Any change in your income can impact your income tax return since the IRS taxes different types of income at different rates. The most important thing to determine when assessing your tax situation is whether your income is taxable or nontaxable. After you've made that initial determination, it's easier to attribute a tax rate to your income and file a return. Generally, workers' compensation is not taxable, but there are some specific circumstances when receiving workers' compensation for an entire year will not absolve you from paying tax.
Any workers compensation you receive as part of a work-related injury or sickness is normally fully exempt from taxation. This exempt status applies to any money you receive as well as any survivors benefits bequeathed to a family member. The tax exemption does not apply to retirement plan benefits you receive or unemployment compensation.
Although workers' compensation is not taxable, you are still required to file a return if the income you earned in addition to your workers' compensation meets the IRS filing requirements. For example, if you took money out of a 401(k) to subsidize your income while you were receiving workers' compensation, that distribution may be subject to lump-sum distribution tax treatment on your return. In addition, if your workers' compensation reduces your Social Security benefit, that portion of your workers’ compensation may be taxable.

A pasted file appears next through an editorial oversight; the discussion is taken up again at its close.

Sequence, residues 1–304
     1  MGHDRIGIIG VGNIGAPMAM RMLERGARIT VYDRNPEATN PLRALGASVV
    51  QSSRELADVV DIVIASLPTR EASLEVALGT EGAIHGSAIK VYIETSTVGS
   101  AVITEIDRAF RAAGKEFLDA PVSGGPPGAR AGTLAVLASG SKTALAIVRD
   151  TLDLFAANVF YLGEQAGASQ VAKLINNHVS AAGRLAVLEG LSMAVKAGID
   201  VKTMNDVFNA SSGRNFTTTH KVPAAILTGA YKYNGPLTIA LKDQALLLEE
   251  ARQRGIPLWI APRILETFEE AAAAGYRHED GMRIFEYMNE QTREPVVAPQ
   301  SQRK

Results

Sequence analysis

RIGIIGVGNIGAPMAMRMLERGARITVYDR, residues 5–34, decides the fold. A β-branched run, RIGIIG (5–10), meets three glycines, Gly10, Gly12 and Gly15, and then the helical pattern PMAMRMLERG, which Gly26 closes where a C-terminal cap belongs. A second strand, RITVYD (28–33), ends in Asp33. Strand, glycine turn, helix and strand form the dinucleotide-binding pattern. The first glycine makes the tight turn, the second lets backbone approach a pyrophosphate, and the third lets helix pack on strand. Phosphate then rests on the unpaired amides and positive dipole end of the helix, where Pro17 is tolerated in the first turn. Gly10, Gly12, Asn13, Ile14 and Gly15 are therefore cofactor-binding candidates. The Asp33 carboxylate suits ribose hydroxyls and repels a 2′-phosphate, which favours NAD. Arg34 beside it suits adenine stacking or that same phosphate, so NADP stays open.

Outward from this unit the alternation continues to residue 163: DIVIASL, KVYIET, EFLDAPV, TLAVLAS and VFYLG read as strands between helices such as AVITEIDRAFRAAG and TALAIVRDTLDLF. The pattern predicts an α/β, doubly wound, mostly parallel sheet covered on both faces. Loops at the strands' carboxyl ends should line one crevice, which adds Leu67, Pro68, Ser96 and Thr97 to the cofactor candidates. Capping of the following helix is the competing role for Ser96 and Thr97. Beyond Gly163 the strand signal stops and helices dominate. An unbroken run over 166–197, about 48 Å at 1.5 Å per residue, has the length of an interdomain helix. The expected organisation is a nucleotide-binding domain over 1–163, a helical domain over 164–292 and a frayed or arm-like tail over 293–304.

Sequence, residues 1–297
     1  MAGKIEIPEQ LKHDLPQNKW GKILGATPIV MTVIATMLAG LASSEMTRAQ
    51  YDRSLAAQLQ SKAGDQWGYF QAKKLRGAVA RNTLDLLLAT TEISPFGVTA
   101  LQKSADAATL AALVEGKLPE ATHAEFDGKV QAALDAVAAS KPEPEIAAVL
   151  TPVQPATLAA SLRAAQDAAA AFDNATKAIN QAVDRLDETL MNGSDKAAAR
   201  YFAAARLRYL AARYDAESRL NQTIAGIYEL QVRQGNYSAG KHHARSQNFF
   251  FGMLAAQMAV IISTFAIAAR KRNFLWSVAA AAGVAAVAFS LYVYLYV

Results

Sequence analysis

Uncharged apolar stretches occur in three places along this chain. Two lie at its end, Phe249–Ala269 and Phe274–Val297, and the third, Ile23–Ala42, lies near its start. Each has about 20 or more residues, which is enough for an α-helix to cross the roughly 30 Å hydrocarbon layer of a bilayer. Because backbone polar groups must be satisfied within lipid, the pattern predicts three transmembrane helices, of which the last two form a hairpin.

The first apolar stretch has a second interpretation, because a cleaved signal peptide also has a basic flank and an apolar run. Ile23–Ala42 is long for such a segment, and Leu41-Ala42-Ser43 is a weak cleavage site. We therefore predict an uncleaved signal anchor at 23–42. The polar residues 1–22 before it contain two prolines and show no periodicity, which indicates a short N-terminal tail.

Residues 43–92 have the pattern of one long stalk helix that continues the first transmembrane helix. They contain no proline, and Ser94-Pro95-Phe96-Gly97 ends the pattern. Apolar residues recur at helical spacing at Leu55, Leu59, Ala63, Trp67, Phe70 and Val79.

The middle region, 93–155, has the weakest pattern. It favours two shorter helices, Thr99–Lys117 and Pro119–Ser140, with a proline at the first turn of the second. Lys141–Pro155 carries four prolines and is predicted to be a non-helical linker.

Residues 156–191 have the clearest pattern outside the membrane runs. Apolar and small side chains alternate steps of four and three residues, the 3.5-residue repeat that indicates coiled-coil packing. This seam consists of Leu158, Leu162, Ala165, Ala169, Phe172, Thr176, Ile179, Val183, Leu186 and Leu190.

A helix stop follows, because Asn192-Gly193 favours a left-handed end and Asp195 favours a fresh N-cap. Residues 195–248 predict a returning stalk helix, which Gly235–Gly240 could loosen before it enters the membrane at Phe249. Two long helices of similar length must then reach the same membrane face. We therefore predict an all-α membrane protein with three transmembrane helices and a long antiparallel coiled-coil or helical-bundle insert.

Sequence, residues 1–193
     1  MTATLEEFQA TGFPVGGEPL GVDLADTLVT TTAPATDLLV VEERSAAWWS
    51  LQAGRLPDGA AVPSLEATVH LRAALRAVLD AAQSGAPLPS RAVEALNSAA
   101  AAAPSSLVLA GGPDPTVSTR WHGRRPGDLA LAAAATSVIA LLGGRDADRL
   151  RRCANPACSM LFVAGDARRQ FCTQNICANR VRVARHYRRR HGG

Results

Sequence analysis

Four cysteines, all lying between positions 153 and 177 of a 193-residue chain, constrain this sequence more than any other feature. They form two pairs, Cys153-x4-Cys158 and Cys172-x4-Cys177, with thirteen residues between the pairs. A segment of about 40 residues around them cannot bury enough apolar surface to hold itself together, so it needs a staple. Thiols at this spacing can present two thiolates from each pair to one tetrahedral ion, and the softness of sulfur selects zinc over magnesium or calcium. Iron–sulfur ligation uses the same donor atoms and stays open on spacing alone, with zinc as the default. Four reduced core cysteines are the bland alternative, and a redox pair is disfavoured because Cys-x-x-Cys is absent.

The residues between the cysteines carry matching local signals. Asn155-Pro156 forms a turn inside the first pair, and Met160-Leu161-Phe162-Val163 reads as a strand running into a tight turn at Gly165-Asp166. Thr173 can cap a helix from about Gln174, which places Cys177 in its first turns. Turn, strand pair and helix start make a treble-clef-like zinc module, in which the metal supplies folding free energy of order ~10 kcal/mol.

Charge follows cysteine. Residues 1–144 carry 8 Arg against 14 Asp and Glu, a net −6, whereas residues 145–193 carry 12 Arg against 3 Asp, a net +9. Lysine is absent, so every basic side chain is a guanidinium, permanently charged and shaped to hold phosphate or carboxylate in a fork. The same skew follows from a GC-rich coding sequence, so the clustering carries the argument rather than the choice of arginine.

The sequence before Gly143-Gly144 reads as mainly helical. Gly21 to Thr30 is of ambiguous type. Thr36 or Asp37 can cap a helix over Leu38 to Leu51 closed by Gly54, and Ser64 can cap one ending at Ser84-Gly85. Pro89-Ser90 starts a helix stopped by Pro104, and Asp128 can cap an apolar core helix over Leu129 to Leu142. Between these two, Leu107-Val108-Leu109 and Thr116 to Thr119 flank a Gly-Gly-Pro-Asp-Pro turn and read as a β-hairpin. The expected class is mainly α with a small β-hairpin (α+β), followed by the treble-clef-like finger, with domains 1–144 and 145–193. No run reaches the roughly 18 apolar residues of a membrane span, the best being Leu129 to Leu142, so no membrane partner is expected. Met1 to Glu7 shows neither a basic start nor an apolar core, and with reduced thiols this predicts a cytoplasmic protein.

Since workers' compensation is not subject to tax, you are not required to include it on your income tax return. Other forms of disability compensation that are not required to be included on your return are court awards you received for a disability or injury, benefits you receive under an accident or health insurance policy on which either you or your employer paid premiums, disability benefits you receive to compensate you for a loss of income from a no-fault of insurance policy, and compensation you receive for permanent loss of use of a part of your body.
Before filing, check to be sure that you were on workers' compensation for the entire year, because if you return to work, wages earned during that period, even those earned while on light duty, are taxable.
- Comstock/Comstock/Getty Images
- Do Married Couples Have to File Joint on State Taxes If They Filed Joint on Federal Taxes?
- Do All of My Tax Forms Have to Have My Married Name?
- How to Split Money When You're Married
- How Do I Find My Employer's State Unemployment Tax Number So I Can File an Unemployment Claim?
- Can Married People File Taxes Separately?
- Is Filing Federal Income Tax as Married Better Than Filing as a Single?
- What Are the Dangers of Free File Income Tax?
- How to File Taxes on a New Home
- What Happens to Monies Forfeited in a Flexible Spending Account?
- Is It Better to File Taxes as Married or Single?